Morgan Spurlock, the movie director who peppered Altoona with "SOLD" signs Wednesday, pulled off an equally bold stunt with real estate signs in high school, according to a childhood friend and co-conspirator.
Spurlock was in town consummating and celebrating his $25,000 purchase of naming rights to the city for 60 days as a promotion for his movie "POM Wonderful Presents: The Greatest Movie Ever Sold," of which Sheetz Inc. is a major sponsor.
It was 1989, graduation time for Spurlock and friends, and they were driving around their hometown of Beckley, W.Va., when Spurlock got the idea of yanking up 89 "FOR SALE" signs from residents' yards and arranging them on school property in the figure 89, said Dave Stacy, a friend who came for Wednesday's festivities.
Spurlock promotes new documentary, renames city
Those festivities included a mayoral proclamation, a lunch at Sheetz on Pleasant Valley Boulevard, the planting of signs advertising the city's new name, a convoy to the Jaffa Shrine Center and a red-carpet entry there, followed by the "East Coast premiere" of the movie and a reception.
Just as temporarily snatching Altoona's identity doesn't seem to be getting Spurlock in trouble, his graduation prank didn't either, according to his mother, Phyllis, speaking by phone Wednesday from Beckley.
Yes, the principal called him into the office and asked him if he knew about it, and Morgan "played dumb" at first, but the upshot was that the signs got redistributed into the yards and the principal understood the spirit in which the mischievous Morgan had done the deed, she said.
Mirror photo by J.D. Cavrich
Director Morgan Spurlock hams it up with cheerleaders from Altoona Area High School Wednesday before Altoona’s name was ceremonially changed to POM?Wonderful Presents:?The Greatest Movie Ever Sold.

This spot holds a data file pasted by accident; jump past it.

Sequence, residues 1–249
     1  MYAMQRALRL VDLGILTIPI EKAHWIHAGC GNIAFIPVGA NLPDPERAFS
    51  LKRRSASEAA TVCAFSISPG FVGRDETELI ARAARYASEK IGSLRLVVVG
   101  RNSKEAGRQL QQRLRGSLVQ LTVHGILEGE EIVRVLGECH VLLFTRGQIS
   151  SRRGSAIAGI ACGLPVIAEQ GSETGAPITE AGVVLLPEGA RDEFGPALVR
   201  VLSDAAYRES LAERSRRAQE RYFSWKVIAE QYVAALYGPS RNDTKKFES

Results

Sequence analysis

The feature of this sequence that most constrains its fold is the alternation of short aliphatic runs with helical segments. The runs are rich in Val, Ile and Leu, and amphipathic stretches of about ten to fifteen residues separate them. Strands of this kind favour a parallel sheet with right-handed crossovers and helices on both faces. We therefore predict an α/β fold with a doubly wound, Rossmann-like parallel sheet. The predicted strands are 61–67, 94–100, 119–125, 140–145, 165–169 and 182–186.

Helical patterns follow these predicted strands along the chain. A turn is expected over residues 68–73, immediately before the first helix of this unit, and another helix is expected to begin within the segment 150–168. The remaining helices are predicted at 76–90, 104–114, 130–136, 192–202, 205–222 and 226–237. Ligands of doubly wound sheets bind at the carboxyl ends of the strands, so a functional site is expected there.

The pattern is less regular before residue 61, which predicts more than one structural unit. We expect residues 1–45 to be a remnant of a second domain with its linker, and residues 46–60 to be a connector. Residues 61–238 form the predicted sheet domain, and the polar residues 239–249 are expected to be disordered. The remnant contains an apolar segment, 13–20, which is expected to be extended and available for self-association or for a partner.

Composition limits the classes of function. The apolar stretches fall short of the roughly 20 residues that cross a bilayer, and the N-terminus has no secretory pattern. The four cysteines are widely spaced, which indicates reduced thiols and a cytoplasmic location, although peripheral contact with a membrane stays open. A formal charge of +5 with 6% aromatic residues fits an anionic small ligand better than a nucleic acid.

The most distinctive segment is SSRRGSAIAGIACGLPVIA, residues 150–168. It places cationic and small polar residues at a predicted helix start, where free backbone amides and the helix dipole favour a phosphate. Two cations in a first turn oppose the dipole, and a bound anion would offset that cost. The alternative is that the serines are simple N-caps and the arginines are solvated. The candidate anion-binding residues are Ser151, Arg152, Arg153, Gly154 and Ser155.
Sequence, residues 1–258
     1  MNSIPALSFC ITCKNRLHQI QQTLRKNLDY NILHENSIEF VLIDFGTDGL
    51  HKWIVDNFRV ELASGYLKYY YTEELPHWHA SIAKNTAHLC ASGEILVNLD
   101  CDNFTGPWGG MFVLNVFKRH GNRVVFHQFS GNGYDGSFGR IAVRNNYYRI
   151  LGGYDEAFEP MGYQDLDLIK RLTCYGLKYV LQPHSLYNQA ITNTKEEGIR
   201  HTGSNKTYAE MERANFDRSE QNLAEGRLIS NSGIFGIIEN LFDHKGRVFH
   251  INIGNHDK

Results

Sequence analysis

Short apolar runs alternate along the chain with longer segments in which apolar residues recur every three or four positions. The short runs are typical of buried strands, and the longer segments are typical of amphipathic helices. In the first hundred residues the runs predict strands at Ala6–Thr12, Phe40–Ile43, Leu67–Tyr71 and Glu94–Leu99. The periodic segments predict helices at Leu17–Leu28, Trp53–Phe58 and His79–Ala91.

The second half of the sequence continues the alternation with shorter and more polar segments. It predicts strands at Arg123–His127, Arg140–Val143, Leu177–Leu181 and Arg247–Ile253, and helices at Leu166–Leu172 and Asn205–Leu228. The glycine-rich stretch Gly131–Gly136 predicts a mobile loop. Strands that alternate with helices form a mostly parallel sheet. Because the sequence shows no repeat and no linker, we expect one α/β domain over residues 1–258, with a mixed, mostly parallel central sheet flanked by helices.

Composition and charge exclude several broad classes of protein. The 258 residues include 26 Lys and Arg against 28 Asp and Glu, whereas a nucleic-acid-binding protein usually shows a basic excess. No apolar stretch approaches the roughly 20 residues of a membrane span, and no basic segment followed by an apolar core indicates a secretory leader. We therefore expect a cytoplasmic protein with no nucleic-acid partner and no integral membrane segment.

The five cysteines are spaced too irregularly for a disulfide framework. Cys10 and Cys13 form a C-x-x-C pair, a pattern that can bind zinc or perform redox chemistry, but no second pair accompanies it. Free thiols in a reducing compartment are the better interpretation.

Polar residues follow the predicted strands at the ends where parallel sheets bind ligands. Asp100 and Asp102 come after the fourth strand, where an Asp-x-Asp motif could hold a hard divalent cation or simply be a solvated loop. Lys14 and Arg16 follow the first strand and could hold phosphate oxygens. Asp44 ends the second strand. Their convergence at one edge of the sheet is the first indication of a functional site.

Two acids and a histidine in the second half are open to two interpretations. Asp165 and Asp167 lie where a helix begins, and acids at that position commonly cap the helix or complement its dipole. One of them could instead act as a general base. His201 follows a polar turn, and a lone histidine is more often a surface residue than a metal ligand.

Mirror photo by Gary M. Baranec
A caravan of Sheetz vehicles carry Altoona dignitaries, including Mayor Bill Schirf (waving to the crowd), to the Jaffa Shrine Center for a special screening of “POM?Wonderful Presents:?The Greatest Movie Ever Sold”?Wednesday in Altoona.
Spurlock was bold, energetic, focused and knowledgeable about where he wanted to go from the start, family and friends said.
"He was the consummate extrovert," Stacy said. "Fearless, reckless."
He had "unusual thoughts," and "he would carry them out," his mom said.
"A ball of energy," said Spurlock's brother, Craig, also in Altoona Wednesday, along with members of the movie production staff and crew and sponsor representatives. "A machine."
He recalled the day this year at the Sundance Film Festival where his brother did interviews "one after another after another."
"The guy was 'on' all day," Craig said.
As a teen, he was a big fan of science fiction, special effects and a movie magazine called Fangoria, Craig and his mom said.
Phyllis Spurlock encouraged all three of her sons to "do the things they like," she said.
"To pursue their dreams," she said. "He did that way past normal."
Still, Spurlock projects generosity and kindness with his celebrity, his brother said.
"It has served him well," Craig Spurlock said.
His pointing a reporter to Craig Spurlock, while providing his mother's home phone number, unsolicited, to answer the question "Why are you so brazen?" seems to bear that out.
"It doesn't matter who you are," whether an NBC executive or somebody who walks up to him at Sheetz, Stacy said. "He'll give you the time of day."
But he's a magnet for ribbing.
"He's not the kind of guy you'd want to trust," said Sheetz Vice President Louie Sheetz at the proclamation at City Hall. "He has a cheesy sales pitch."
One his company bought, however.
"Hey, pimpin' ain't easy," Spurlock told the crowd of about 150.
"We got protesters," Spurlock said, looking at several people carrying signs at the back of the crowd. "[So] you know it's a success."
There was no evidence he had to pay for them to appear.
"Support education, not arrests," read one protester's sign.
"I have a problem with them giving the money to the police department," said protester Steve Knox of Altoona, a college student.
The city should give the money to support activities for youth, Knox said.
"They made fun of us to our faces," protester Dustin Lafferty of Altoona said. "They're too dumb to realize."
Louie Sheetz didn't see it that way.
"I'm proud of the city officials," he said of the many who participated in the day's events, including several councilmen at the red carpet entry. "They didn't overthink it. They didn't get intimidated. They got the joke."
One tinged by hyperbole, as fitting for a paean to promotion.
"This is possibly the greatest day ever," Spurlock said.
Mirror Staff Writer William Kibler is at 949-7038.